Proposed revisions to Form 5500

The Department of Labor, Internal Revenue Service and the Pension Benefit Guaranty Corporation (the Agencies) have jointly recommended expanded filing requirements to the Form 5500, Annual Return/Report of Employee Benefit Plans.

The changes, originally proposed on July 21, 2016, are intended to:

Modernize the financial statement and investment information reported for employee benefit plans.
The current categories on the Schedule H-Financial Information do not accurately reflect the expanding use of non-traditional investments such as alternatives or collective funds. One benefit to plan sponsors is that greater detail about the plan’s investments should help to benchmark their plan’s investments against those other plans.

Update the reporting requirements for service provider fee and expense information.

The Agencies note there is inconsistency by preparers completing Schedule C-Service Provider Information included with the Form 5500. The Agencies are interested in expanding the information provided by service providers that would allow for comparability to other plans expenditures by requiring a single Schedule C for each provider rather than one form for all providers.

Enhance accessibility and usability of data filed on the forms.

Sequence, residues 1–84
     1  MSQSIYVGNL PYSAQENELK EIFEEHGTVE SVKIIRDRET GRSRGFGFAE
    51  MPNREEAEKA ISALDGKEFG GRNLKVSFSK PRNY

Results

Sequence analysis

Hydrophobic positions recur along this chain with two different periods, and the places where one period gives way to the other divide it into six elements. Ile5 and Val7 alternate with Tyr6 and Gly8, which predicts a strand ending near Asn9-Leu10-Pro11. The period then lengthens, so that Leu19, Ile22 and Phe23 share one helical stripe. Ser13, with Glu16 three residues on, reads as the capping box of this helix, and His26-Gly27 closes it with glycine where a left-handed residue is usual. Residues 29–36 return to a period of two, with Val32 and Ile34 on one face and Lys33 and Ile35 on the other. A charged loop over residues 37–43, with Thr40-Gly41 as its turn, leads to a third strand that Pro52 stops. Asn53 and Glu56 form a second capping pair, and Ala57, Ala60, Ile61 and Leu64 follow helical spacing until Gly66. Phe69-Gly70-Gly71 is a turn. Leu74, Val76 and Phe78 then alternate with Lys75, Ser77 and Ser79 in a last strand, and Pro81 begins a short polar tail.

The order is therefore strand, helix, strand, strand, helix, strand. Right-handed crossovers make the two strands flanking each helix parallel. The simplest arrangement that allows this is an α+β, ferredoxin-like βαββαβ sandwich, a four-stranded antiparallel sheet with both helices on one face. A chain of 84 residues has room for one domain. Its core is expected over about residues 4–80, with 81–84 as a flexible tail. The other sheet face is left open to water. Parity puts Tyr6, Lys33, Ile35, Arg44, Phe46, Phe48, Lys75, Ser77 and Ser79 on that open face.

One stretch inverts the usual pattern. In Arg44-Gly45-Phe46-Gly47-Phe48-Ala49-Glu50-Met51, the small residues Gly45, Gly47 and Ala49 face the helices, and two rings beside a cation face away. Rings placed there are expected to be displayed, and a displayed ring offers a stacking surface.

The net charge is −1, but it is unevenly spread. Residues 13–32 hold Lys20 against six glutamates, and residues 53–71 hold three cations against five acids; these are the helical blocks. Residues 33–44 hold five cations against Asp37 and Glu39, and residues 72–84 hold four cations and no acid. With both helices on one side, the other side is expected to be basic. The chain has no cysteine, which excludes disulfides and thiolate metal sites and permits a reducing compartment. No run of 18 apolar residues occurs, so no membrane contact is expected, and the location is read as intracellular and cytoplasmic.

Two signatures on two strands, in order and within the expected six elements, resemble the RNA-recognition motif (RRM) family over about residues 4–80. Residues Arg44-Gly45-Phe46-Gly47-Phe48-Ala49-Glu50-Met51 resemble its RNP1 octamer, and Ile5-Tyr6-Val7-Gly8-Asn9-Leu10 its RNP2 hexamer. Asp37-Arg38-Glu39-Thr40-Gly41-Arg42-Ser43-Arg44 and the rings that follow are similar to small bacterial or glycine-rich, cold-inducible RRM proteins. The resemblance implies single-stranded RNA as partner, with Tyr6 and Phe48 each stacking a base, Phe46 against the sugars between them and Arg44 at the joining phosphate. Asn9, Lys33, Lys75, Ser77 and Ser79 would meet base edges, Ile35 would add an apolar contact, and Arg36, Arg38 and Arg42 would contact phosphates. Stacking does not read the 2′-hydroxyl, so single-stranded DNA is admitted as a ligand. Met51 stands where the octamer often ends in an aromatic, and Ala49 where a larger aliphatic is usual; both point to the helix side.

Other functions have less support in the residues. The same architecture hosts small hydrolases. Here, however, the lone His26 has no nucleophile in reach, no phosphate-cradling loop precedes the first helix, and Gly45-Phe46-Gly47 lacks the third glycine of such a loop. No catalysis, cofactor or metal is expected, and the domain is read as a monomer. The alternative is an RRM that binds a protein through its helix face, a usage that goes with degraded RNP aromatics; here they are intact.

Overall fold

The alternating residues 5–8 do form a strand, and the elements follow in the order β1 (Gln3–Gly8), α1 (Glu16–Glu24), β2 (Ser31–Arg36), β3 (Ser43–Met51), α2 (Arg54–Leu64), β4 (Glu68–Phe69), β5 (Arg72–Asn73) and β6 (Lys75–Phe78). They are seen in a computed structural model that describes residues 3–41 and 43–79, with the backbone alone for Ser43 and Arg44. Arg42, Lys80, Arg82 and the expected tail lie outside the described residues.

By converting Form 5500 data from a PDF format to an electronic format it would allow readers to perform data-mining to enhance comparability with the market in many aspects of plan operations. One example is that the supplemental schedules attached to the Form 5500 will be required to disclose additional information not previously required such as Committee on Uniform Securities Identification Procedures (CUSIP), Central Index Key (CIK), Legal Entity Identifier (LEI) and National Association of Insurance Commissioners (NAIC) numbers

Require reporting by all group health plans covered by Title I of ERISA.

The proposal would require all group health plans, including those with less than 100 participants who are not currently reporting, to file a Form 5500. This change is intended to capture data that would lead to enhanced agency oversight and facilitate collection of information for congressionally mandated reports, for example,improve compliance under the Employee Retirement Income Security Act and the Internal Revenue Code through new questions regarding plan operations, service provider relationships, and financial management of the plan.

The changes are intended not only to improve plan compliance with the law but also to protect benefits for participants and beneficiaries and to provide education and discipline to plan fiduciaries. The changes are also intended to disclose much more information on fee disclosure related to insurance products, employee stock ownership plans, actuarial information and plan audits.

The proposed regulations also would make improvements to the certification requirements for the limited scope audit requirements under 29 CFR 2520.103-8, and allow group health plans to use the Form 5500 to satisfy certain reporting requirements in the Affordable Care Act.

The American Institute of Certified Public Accountants wrote a lengthy response to each item in the proposal.

The changes, which will place additional burdens on plan sponsors to gather the applicable information, expected to begin with the Plan Year 2019 Form 5500 returns filed in 2020. There has been no recent updates regarding this issue by the Agencies as of this summary.